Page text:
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At the center of this novel is a stirring story of two lovers from feuding Creole families in early nineteenth-century New Orleans. The romance of The Grandissimes - the masked ball at the beginning of the story, the charming conversations in patois, the scenes between reluctant but eventually blessed lovers, the colors of the Creole spring and the French Quarter - helped make George Washington Cable famous in America during the 1880s. But in contrast to the idealized romance is Cable's accurate, unflattering portrait of Creole gentility and his arguments for racial equality. This tension gives the novel a compelling power. Through the years, critics and readers have seen Cable as a romanticist, a realist, social dissenter, inspiration for the Civil Rights movement, and even dismissed him as an unimportant local New Orleans writer. But The Grandissimes has stood the test of time and its many interpretations make it one of the richest novels in American literature.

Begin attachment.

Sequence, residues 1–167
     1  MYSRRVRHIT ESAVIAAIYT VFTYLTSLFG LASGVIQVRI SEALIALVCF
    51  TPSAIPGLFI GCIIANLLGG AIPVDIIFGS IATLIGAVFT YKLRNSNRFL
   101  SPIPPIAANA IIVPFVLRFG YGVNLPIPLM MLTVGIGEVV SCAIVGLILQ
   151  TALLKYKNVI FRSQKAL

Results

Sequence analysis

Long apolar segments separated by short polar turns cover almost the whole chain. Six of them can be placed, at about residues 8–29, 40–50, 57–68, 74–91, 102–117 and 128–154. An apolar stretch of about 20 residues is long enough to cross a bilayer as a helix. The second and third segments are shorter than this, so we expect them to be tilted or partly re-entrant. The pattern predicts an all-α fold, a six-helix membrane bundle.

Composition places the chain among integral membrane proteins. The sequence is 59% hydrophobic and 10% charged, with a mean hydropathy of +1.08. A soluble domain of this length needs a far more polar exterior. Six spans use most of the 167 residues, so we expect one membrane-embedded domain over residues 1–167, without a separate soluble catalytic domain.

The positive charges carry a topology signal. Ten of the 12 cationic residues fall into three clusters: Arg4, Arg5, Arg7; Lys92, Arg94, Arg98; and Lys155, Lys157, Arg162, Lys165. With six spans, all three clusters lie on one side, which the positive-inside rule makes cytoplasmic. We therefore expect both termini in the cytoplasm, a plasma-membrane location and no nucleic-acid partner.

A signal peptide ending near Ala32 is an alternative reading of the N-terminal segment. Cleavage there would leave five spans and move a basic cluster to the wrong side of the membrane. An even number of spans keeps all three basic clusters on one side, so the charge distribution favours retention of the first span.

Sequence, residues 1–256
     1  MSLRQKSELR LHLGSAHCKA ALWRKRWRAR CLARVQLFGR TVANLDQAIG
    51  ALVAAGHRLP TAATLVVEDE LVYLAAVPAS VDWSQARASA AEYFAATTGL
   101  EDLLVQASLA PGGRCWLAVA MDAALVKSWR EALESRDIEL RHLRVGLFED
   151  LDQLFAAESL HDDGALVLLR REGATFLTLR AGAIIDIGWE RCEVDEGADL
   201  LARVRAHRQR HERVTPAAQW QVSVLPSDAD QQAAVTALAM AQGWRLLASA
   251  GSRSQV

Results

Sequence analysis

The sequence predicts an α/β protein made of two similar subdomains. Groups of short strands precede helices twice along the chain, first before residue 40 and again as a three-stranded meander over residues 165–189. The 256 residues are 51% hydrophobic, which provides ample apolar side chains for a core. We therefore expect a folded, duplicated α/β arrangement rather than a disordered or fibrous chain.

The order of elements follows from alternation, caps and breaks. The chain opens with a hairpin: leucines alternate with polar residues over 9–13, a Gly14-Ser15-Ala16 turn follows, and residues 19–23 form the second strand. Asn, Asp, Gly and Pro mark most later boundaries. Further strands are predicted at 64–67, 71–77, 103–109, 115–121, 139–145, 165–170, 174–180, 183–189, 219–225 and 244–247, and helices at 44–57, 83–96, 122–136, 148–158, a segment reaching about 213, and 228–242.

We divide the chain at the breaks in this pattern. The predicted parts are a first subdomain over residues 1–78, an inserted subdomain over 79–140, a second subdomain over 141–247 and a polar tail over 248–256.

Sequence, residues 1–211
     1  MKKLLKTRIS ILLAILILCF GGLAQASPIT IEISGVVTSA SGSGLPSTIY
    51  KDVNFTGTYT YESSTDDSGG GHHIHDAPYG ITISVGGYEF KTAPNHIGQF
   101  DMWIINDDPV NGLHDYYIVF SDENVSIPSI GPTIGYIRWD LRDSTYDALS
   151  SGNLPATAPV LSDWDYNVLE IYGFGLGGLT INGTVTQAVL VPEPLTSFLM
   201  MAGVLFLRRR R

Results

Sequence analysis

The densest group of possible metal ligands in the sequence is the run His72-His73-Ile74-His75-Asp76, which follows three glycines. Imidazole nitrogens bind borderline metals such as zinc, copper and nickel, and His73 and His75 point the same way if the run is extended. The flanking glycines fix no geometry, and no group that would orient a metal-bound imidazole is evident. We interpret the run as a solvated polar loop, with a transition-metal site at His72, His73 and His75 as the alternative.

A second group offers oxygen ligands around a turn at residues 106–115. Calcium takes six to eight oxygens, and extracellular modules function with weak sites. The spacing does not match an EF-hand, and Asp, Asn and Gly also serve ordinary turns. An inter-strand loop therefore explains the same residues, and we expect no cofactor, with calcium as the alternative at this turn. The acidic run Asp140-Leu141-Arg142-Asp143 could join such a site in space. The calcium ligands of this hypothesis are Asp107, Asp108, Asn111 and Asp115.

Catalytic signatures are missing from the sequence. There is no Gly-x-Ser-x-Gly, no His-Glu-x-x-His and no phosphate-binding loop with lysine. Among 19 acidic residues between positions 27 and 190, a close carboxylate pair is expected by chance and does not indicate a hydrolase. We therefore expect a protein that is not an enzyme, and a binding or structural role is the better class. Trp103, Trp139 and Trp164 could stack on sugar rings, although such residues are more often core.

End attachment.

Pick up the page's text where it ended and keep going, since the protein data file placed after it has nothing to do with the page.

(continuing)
Setting forth formidable arguments for racial equality, Cable’s novel of feuding Creole families in early nineteenth-century New Orleans blends post–Civil War social dissent and Romanticism.